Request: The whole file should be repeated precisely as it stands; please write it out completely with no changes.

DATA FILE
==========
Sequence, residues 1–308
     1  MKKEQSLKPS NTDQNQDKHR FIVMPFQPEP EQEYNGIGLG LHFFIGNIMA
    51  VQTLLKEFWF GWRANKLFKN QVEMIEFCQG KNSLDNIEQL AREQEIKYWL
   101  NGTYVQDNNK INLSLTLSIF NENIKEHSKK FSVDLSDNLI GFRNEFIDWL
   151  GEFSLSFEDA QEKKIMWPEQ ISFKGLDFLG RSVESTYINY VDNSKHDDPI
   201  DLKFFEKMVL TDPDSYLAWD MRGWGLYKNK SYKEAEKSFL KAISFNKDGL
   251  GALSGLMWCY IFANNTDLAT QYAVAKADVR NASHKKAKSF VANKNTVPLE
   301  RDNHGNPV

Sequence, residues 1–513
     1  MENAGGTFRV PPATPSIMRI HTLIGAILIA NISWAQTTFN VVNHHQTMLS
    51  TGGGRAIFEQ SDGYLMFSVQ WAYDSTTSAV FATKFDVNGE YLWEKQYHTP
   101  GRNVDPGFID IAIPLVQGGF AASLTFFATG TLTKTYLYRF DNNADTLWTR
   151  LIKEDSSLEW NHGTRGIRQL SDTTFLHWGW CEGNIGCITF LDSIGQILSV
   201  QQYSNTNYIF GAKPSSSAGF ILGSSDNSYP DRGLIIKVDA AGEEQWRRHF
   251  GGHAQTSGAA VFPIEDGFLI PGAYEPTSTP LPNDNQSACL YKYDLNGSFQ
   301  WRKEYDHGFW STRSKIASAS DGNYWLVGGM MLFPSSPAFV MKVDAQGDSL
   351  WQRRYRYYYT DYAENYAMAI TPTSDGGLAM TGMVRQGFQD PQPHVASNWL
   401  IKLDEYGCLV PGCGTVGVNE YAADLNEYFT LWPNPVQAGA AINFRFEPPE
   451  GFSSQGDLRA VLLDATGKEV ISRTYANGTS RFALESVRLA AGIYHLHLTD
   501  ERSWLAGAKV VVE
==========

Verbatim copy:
Sequence, residues 1–308
     1  MKKEQSLKPS NTDQNQDKHR FIVMPFQPEP EQEYNGIGLG LHFFIGNIMA
    51  VQTLLKEFWF GWRANKLFKN QVEMIEFCQG KNSLDNIEQL AREQEIKYWL
   101  NGTYVQDNNK INLSLTLSIF NENIKEHSKK FSVDLSDNLI GFRNEFIDWL
   151  GEFSLSFEDA QEKKIMWPEQ ISFKGLDFLG RSVESTYINY VDNSKHDDPI
   201  DLKFFEKMVL TDPDSYLAWD MRGWGLYKNK SYKEAEKSFL KAISFNKDGL
   251  GALSGLMWCY IFANNTDLAT QYAVAKADVR NASHKKAKSF VANKNTVPLE
   301  RDNHGNPV

Sequence, residues 1–513
     1  MENAGGTFRV PPATPSIMRI HTLIGAILIA NISWAQTTFN VVNHHQTMLS
    51  TGGGRAIFEQ SDGYLMFSVQ WAYDSTTSAV FATKFDVNGE YLWEKQYHTP
   101  GRNVDPGFID IAIPLVQGGF AASLTFFATG TLTKTYLYRF DNNADTLWTR
   151  LIKEDSSLEW NHGTRGIRQL SDTTFLHWGW CEGNIGCITF LDSIGQILSV
   201  QQYSNTNYIF GAKPSSSAGF ILGSSDNSYP DRGLIIKVDA AGEEQWRRHF
   251  GGHAQTSGAA VFPIEDGFLI PGAYEPTSTP LPNDNQSACL YKYDLNGSFQ
   301  WRKEYDHGFW STRSKIASAS DGNYWLVGGM MLFPSSPAFV MKVDAQGDSL
   351  WQRRYRYYYT DYAENYAMAI TPTSDGGLAM TGMVRQGFQD PQPHVASNWL
   401  IKLDEYGCLV PGCGTVGVNE YAADLNEYFT LWPNPVQAGA AINFRFEPPE
   451  GFSSQGDLRA VLLDATGKEV ISRTYANGTS RFALESVRLA AGIYHLHLTD
   501  ERSWLAGAKV VVE